A smart pet feeder is a great idea in theory: It can be controlled from your phone, making it simple to schedule feedings and giving you the ability to feed your cat or dog from anywhere in the world.
Except, it turns out, if the device manufacturer’s servers aren’t online. My own smart pet feeder’s maker, Petnet, has struggled with reliability for years — leaving my cat, Mika, hungry on a number of occasions — and if the company were to go out of business, my cat feeder would turn into a very expensive paperweight.
Over a long weekend in February, that’s exactly what happened. An unspecified service outage crippled pet feeders for more than a week, leaving Mika without food when we were out of town.
Mika was rescued by a friend who went over to feed him, but the incident left me wondering how long Petnet would continue to operate the feeder’s service at all and why it depends on a server working to perform basic functionality. The company did not respond to a request for comment about the outage.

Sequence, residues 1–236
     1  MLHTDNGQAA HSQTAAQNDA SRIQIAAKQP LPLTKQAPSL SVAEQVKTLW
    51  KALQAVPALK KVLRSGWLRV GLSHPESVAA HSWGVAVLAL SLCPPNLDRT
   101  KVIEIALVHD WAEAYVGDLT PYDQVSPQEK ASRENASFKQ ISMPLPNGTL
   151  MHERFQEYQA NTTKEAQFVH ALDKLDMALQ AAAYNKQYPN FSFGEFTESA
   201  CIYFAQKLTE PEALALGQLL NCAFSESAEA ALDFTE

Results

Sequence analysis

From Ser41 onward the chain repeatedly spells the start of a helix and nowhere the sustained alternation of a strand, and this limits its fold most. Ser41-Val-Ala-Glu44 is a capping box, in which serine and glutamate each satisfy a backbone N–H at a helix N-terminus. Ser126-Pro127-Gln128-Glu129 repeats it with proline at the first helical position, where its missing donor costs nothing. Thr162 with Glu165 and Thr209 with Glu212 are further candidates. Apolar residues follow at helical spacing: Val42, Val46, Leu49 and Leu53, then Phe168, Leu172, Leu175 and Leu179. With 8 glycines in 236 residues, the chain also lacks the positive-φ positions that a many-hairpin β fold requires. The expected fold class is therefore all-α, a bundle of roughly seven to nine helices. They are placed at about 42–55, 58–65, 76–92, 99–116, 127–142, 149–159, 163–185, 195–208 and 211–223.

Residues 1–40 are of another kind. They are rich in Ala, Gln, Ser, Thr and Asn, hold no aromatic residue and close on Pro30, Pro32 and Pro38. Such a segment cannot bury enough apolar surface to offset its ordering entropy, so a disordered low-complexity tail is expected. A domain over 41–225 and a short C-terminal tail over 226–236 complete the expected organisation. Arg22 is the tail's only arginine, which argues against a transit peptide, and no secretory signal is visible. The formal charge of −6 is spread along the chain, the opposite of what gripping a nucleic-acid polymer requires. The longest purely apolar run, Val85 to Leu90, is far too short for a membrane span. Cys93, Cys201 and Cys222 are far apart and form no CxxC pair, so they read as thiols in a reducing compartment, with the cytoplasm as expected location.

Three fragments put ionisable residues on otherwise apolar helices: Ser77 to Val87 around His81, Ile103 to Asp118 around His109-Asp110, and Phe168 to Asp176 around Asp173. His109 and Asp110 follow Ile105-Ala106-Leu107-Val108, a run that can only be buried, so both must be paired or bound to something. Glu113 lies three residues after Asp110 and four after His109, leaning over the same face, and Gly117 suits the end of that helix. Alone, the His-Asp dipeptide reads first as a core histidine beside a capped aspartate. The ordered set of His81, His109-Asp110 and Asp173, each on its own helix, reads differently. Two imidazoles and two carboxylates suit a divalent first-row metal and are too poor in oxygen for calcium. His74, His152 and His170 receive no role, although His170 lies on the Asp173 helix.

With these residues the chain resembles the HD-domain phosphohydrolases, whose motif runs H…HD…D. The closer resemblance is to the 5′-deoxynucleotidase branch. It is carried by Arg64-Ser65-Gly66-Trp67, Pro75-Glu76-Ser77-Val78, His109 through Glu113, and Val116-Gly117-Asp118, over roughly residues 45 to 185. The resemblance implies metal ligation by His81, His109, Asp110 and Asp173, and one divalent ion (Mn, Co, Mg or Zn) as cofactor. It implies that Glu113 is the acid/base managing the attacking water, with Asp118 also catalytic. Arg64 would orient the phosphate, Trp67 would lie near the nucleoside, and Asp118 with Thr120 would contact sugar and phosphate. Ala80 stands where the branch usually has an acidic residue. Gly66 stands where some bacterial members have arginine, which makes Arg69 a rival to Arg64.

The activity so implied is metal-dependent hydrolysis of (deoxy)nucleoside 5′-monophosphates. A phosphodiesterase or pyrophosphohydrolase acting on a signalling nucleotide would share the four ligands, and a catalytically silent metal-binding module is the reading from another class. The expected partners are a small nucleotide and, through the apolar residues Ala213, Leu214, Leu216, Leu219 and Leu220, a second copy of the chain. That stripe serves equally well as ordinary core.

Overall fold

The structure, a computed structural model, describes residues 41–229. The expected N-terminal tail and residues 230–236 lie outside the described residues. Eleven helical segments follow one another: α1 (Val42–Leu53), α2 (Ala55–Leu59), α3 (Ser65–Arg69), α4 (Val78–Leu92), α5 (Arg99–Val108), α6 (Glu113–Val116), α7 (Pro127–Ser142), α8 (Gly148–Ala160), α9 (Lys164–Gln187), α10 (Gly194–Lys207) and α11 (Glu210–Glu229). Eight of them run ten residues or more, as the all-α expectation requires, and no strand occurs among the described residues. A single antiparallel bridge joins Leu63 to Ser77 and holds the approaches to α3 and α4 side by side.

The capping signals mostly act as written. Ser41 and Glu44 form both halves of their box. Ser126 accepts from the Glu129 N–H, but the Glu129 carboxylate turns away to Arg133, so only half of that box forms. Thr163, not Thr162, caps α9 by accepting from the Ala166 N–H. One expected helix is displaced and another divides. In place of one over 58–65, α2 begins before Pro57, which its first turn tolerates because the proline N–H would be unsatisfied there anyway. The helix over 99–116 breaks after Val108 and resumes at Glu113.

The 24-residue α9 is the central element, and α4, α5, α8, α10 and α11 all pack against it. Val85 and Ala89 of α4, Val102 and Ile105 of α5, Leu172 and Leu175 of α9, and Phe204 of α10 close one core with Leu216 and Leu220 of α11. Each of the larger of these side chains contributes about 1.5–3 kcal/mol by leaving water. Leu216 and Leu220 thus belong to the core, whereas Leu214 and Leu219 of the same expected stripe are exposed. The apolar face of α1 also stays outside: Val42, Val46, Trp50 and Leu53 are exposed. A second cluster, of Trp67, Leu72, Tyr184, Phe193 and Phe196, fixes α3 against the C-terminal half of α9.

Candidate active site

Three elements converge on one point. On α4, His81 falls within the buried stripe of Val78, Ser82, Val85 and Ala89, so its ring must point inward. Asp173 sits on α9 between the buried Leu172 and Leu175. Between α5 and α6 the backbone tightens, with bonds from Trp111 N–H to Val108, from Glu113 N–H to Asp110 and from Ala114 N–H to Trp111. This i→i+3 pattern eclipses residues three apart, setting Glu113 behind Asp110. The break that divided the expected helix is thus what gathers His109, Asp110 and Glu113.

It’s not just pet feeders that rely on faraway servers to work properly. Technology has invaded even the most banal objects, making smart gadgets — from connected cars to smart lightbulbs to pet feeders — increasingly difficult to avoid. Each of these “smart” objects requires digital maintenance. If the company decides to stop supporting a device, for whatever reason, the gadget could stop working or stop working well. This might happen after a company goes out of business, faces pressure from investors to start charging for features that were previously free, or decides it’s not profitable to continue updating the code. The effect is the same: You might have purchased it, but you don’t control when you’ll need to replace it.